Anyone who’s ever met me knows that I’m a fairly quiet person. In contrast, I’m comparatively outspoken on social media. I don’t shy away from talking about politics and social issues; I try to call things out as I see necessary. Some people, I’m sure, find this annoying or overly antagonistic. It’s likely that I’ve been unfollowed and unfriended as a result. The reason I vocalize on Twitter, Facebook, and Instagram is because I feel a certain responsibility to do so. I’m by no means the most qualified or knowledgeable person, though I try to make my assertions as informed and logically sound as possible. But I feel that voicing one’s opinion is the only way to incite change.
A lot of people are upset about the results of the election, myself included. And that’s warranted. What we need to realize is that a large part of what enabled such a dire situation of hate and of bigotry is insularity and homogeneity. The environment in which one is raised matters a great deal. It can be easy to write people off as “bad” or “evil” or “stupid”, but that’s very reductionist. Their lack of respect and empathy and open-mindedness likely stems from the fact that the people who raised them, who educated them, who instilled in them their sense of identity and morality lacked those very same aspects. Ignorance is not inherent but inherited. Hate is learned. And it grows and festers and consumes when unchecked. When you live and breathe hate and are surrounded by other people who do the same, it infects you. When all you know is pollution, you become a pollutant.
The only way to solve a problem is by getting to the root of it. The way to extinguish this hate which threatens the very fabric of our society is not by shooting down the infected but by clearing the air itself. Perhaps if these people were brought up in a more open, diverse, loving environ, they would’ve turned out much differently. Perhaps if they were raised surrounded by people who looked different, and who sounded different, and who held different perspectives, they too would turn out “different”. And perhaps if you were raised in the uniform ignorance they were raised in, you would’ve turned out like them.
While I did grow up in the liberal bastion of California, I did it in the notoriously conservative region of the Central Valley. Most of the people I grew up with held bigoted views. And it always made me uncomfortable because, fortunately, I was raised by an incredibly tolerant and open-minded mother. I was taught to show respect to all other people regardless of their background. I owe it to her that the intolerant world I walked through as a child did not shape me in the way it shaped those around me. As I moved to LA for college, that sense of open-mindedness only grew, but in those crucial formative years, she was my glimpse, my window into love, compassion, and acceptance.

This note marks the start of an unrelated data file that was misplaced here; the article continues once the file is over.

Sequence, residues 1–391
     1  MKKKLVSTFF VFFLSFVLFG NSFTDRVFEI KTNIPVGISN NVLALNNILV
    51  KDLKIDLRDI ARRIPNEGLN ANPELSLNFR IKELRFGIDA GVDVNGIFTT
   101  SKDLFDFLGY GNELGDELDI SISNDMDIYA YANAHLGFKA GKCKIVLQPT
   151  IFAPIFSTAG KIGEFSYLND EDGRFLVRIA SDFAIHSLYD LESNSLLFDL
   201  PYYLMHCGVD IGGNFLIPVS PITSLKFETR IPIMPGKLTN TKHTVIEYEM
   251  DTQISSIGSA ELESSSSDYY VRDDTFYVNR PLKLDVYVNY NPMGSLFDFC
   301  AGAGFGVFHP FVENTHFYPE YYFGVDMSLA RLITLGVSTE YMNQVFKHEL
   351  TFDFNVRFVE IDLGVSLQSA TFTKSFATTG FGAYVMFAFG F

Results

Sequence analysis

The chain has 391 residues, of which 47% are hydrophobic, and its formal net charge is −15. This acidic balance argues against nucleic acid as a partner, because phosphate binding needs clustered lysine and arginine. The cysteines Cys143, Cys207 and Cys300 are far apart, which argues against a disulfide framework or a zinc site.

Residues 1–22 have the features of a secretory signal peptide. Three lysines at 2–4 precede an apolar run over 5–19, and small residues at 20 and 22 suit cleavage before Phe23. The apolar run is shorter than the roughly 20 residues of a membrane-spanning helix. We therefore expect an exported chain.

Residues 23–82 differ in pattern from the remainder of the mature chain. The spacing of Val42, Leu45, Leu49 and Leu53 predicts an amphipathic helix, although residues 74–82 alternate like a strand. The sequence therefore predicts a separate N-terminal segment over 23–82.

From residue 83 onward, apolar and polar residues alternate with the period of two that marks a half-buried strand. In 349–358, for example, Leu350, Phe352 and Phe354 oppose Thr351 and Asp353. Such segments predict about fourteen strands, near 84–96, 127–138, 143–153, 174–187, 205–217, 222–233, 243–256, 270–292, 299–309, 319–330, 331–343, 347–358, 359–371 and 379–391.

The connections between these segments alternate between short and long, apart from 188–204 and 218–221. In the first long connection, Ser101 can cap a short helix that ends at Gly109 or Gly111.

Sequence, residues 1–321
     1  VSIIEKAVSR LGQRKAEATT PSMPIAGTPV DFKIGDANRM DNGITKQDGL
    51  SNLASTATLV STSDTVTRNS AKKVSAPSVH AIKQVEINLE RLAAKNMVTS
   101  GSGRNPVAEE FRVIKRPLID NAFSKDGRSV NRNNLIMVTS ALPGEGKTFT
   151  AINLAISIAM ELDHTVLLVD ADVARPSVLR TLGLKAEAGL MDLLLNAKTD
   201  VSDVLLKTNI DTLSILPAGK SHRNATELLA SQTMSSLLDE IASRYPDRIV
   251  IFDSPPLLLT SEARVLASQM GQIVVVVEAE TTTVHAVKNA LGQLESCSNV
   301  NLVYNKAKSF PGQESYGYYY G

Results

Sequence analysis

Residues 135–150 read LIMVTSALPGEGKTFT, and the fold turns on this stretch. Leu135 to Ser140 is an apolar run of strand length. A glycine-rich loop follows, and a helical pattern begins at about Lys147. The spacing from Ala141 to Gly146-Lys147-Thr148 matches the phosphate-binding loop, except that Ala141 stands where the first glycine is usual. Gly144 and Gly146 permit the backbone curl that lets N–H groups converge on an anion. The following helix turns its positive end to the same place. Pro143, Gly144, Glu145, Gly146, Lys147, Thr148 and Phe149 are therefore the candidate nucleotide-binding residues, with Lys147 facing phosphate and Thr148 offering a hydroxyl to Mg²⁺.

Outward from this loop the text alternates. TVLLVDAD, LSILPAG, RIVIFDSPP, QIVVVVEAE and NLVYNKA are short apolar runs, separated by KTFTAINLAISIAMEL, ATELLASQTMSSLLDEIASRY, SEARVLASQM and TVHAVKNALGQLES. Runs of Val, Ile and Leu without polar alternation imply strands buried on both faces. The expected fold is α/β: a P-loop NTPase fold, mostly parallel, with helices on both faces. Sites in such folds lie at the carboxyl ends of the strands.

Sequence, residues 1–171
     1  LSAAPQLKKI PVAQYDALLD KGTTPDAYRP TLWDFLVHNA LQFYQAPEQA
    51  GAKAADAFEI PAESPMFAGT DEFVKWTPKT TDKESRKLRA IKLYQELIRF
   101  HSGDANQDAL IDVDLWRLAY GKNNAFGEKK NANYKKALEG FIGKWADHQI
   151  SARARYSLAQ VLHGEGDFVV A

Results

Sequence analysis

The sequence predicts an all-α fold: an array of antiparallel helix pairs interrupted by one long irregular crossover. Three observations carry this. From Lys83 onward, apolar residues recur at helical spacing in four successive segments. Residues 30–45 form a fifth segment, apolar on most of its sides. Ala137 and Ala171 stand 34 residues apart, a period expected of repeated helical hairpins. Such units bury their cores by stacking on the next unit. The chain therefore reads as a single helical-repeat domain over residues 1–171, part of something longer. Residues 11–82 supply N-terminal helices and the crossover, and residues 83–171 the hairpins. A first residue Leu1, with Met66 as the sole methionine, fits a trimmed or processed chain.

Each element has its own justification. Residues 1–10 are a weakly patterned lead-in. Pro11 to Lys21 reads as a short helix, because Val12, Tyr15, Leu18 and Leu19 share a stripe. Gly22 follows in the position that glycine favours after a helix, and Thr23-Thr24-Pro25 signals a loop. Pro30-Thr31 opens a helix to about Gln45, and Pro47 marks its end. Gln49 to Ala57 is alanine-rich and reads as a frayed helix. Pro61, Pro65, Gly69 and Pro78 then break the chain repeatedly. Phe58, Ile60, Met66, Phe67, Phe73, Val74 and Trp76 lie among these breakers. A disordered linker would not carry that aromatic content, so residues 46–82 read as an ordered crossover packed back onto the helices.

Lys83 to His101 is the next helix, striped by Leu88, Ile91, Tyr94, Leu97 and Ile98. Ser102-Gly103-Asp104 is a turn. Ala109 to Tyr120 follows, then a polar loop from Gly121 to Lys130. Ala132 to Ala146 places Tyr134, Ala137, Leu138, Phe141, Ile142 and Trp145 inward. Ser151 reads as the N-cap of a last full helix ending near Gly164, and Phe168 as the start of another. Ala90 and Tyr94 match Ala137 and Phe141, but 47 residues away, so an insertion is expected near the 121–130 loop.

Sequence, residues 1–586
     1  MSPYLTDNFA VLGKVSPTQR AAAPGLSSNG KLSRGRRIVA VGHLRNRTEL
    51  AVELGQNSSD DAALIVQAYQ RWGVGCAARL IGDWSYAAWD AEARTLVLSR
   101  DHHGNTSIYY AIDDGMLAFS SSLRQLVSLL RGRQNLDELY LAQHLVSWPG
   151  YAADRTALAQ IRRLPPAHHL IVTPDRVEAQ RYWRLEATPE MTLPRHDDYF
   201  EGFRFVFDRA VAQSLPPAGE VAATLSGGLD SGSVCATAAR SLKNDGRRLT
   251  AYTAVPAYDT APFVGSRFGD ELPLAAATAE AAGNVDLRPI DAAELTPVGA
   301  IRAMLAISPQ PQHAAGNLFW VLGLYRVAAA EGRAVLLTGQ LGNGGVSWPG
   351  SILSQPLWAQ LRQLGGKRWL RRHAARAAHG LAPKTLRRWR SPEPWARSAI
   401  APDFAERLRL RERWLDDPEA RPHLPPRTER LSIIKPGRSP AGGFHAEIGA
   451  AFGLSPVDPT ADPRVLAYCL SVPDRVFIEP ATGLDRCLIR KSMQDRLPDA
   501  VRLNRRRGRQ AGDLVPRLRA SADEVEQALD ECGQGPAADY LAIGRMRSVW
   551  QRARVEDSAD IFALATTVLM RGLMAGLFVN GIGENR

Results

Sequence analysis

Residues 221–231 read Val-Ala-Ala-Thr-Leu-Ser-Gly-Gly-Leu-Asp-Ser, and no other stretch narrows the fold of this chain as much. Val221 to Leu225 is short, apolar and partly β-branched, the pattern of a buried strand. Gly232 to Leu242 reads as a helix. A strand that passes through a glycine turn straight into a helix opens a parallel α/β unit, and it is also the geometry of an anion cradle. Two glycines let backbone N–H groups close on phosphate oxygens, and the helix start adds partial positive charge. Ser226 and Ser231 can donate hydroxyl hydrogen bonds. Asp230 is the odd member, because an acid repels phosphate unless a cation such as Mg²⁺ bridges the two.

And that’s why I post on social media and encourage you to do the same: to be that window for someone else. If we are truly going to change our nation for the better, we need to speak up. We need to let our intentions – our thoughts, feelings, and dreams – be known. People with archaic views see in black and white. It’s the only way they can see unless someone else injects color into their worldview. They need to be exposed to new ideas. They need to be challenged. When there is no objection to their intolerance, they assume that you are complicit in their madness. Silence is death. We must be proactive. We must be unafraid, unflinching. Sure, it can be massively uncomfortable to speak up and confront others, and you might worry that it could ruin relationships. But what is even more uncomfortable is living in a world ruled by bigotry and hate, where we fear for the well-beings of our friends and family. And those relationships you don’t want to risk straining? They are already broken. Because transparency and honesty and communication are vital to the success of any true human connection.
Maybe what I say on social media won’t change anything. It likely hasn’t. It’s very probable that I have changed no one’s mind. But I have to try. We have to try. It’s the only way things can get better. If we don’t try, there is no hope, only the status quo. We cannot be afraid of failure because we have already failed. If we don’t try, loss is a foregone conclusion. We cannot be scared to have an opinion. We cannot be scared to have an identity because if we are, someone else will provide it for us. We must use our voices and our platforms, however small, to create a dialogue. We must make it known that there are many voices in this conversation. We must make them realize the diversity and strength of our conviction. We must disrupt insularity and homogeneity: in pockets of the South, where there isn’t a person-of-color around for miles as well as in California, where our own liberal brand of insularity blinded us from the reality of a Trump presidency. America lost because of the uneducated. We are all uneducated.